BY KAI-UWE GRAW
An old dream of humanity is to make use of the almost immeasurable energy of ocean waves. Their destructive power has however up to now not permitted any economically reasonable design to survive for long, although there have been many promising attempts and approaches.
he reduction in carbon dioxide emissions, which is increasingly urgent and is a major goal of governments and societies, has conferred a new significance on wave energy – as on all renewable energy sources. Interest in wave energy power plants, which could make appreciable contributions to the world’s energy supply, is steadily growing. The use of wave energy for generating electric power has been under investigation for many decades. However, the countless, sometimes extremely naive suggestions for the application of wave energy have given this renewable energy source a dubious aftertaste in the public mind. But the long-term commtiment of a few research teams is now leading to a rethinking of this view.
The ocean waves contain inexhaustible reserves of energy. They are estimated to store around ten million ter – awatt hours of wave energy per year. This makes them, in principle, very attractive as an energy source. However, large waves can deploy a destructive force which makes huge demands on the stability of the wave power plant under load. It is thus particularly interesting to employ wave power plants precisely where the force of large waves must
in any case be broken: along coastal protection installations. Conventional breakwaters only reflect or dissipate the wave energy without making use of it. Wave power plants, in contrast, extract the energy and convert it into useful electric power. Furthermore, the use of a breakwater as the structure for a power plant reduces the cost of the plant which is integrated into it. Figure 1 shows a new wave power plant in the Spanish harbor Mutriku, whose construction was supported by the EU.
Renewable Energy. Edited by R. Wengenmayr, Th. Buhrke. Copyright © 2013 WILEY-VCH Verlag GmbH & Co. KGaA, Weinheim
surface tension of the water is also a very weak force. It is important only for waves that are shorter than about one centimeter: Such waves are flattened by the surface tension. In all other cases, gravity waves predominate. The force of gravity pulls the water in the wave crests down towards the troughs and thus tends to equalize the differences in height, acting as a restoring force. A simple introduction to the theory of waves is given in .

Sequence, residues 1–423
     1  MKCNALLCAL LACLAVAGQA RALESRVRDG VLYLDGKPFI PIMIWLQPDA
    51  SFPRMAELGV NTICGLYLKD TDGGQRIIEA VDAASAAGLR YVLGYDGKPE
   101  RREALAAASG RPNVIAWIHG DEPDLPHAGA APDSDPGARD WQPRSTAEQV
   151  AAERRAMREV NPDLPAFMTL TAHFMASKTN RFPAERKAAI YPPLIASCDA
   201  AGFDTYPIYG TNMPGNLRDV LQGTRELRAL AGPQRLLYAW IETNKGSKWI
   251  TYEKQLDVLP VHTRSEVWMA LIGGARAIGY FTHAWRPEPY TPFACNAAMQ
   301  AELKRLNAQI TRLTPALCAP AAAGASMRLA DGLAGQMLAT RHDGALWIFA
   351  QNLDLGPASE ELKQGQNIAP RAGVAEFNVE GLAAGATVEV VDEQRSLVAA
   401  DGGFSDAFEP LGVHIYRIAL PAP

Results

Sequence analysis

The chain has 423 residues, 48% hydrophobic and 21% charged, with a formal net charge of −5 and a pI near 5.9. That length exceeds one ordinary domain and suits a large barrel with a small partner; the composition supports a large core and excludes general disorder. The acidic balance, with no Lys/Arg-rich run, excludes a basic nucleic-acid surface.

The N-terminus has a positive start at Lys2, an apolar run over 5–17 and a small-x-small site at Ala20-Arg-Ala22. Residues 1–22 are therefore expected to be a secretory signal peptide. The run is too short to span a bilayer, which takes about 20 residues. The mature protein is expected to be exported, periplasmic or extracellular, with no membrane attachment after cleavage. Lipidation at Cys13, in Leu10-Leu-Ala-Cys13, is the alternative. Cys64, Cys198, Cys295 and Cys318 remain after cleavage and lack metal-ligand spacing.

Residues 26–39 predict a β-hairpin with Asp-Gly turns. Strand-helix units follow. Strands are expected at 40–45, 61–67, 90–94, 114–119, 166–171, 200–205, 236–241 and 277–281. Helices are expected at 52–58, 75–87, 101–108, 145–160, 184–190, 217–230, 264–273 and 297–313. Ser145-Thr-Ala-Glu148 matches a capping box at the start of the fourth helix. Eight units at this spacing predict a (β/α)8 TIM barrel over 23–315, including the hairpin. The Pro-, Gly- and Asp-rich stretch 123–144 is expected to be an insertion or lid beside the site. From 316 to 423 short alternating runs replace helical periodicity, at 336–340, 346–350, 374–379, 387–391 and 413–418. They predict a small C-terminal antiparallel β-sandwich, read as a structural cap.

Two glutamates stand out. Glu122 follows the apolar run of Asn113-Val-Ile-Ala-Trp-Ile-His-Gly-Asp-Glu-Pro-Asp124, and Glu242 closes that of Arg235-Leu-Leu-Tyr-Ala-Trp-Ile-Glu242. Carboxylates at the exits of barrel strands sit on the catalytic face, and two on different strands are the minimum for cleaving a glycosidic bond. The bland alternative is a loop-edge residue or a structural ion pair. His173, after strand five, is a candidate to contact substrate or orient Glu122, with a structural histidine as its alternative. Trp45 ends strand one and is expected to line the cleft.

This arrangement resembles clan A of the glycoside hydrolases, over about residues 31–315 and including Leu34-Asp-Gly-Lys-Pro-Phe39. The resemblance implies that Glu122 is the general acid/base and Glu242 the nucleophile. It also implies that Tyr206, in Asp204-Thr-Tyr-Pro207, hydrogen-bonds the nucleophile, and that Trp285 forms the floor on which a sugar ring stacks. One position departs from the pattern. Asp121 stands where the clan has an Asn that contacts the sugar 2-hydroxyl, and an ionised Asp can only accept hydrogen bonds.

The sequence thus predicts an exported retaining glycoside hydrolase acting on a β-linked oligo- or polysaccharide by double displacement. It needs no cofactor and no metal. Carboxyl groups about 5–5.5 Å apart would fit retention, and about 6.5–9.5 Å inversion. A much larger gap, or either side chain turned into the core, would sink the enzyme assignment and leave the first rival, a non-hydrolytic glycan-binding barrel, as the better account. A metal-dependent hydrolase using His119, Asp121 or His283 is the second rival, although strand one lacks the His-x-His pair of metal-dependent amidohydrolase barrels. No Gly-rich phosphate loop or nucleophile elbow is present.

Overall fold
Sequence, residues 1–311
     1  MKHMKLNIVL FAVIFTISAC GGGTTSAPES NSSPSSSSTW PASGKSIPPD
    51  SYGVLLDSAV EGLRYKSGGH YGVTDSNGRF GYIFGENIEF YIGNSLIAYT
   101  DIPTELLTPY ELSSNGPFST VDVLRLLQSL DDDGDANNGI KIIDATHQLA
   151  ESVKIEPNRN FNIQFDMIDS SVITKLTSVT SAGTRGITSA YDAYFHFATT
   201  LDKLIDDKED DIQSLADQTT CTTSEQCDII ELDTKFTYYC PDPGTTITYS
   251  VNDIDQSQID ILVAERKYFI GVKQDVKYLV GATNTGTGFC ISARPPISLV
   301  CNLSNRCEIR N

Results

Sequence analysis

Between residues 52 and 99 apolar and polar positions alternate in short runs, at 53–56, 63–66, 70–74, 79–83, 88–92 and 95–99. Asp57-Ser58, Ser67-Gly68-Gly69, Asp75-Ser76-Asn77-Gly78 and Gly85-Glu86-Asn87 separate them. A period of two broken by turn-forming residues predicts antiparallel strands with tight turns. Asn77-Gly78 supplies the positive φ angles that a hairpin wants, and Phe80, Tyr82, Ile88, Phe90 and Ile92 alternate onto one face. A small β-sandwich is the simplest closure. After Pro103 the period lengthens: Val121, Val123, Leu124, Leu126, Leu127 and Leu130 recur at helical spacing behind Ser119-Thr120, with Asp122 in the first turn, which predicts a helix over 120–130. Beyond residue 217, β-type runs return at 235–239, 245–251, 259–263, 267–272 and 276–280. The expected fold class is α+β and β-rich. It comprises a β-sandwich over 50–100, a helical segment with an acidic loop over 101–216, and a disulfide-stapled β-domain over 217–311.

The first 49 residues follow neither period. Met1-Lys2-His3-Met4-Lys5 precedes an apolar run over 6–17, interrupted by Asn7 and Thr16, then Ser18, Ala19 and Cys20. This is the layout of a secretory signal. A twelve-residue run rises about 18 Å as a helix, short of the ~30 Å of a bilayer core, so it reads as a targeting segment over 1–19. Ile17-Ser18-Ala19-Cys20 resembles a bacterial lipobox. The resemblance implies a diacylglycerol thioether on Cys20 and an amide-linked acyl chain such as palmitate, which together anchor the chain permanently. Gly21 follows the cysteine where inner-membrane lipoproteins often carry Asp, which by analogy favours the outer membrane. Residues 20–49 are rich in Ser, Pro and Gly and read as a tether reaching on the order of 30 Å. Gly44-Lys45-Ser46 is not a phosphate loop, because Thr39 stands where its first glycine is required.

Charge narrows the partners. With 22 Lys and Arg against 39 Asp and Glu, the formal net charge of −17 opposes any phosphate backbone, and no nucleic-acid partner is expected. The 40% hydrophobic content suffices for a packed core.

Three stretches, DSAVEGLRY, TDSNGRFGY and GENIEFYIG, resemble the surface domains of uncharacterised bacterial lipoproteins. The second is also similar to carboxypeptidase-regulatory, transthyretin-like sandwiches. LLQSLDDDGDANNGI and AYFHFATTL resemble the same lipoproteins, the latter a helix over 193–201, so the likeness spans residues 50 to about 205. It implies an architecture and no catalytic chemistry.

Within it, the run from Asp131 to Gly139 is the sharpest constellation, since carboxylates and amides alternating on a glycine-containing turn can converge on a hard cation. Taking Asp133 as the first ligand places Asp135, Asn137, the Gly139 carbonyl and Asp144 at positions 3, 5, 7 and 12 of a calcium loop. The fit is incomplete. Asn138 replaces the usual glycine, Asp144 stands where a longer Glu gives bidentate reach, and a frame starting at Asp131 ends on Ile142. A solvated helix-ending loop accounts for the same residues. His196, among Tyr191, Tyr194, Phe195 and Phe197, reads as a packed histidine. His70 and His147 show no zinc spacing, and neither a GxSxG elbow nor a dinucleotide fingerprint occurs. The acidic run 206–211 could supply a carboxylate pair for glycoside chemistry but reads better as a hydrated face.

Water waves produced by the wind are generated mainly over deep water. Their form depends on the wind velocity, the duration of the wind, and the distance they have propagated since they were generated. The regions of the ocean surface with the most wave energy are therefore the open oceans, far from the equator (Figure 4). The wind is subject to friction with the surface of the ocean water; it pushes on individual water particles and thus accelerates the water layers near the surface. Turbulences in the airflow give rise to pressure differences between different parts of the water surface. To equalize these differences, the surface rises and sinks. This now-rough surface is subject to ever stronger pressure differences from the wind, which in turn increase the amplitude of the surface roughness. In this way, higher and higher quasi-periodic waves are formed.
Wave dynamics in the end limits further growth of the waves. The simple model of “linear wave theory“ already gives a realistic value for the maximum wave height. It is ca. 14 % of the wavelength. According to linear wave theory, the individual water particles in the wave attain speeds at the tops of the wave crests which are greater than the propagation velocity of the waves themselves. They practically “fall out“ of the wave in the direction in which it is moving. At this maximum height, the wave thus becomes unstable, and the wave crests form foamy whitecaps. Turbulence consumes part of the wave energy. When the waves have reached their maximum height and their period no longer changes, even if the wind continues to blow, the sea condition is called a “fully developed sea”. After the wind has died down, the waves can maintain their energy
over distances of many thousands of kilometers. They are then referred to as “groundswell“.
When the waves move into shallow water, their length and velocity decrease. Friction with the ocean bottom dissipates their energy and often changes their direction. When the wave velocity has dropped to a certain limiting value, the waves break and form a foamy surf. The breaking waves also lead to energy loss through turbulence. In planning coastal wave energy power plants, this process must be taken into account.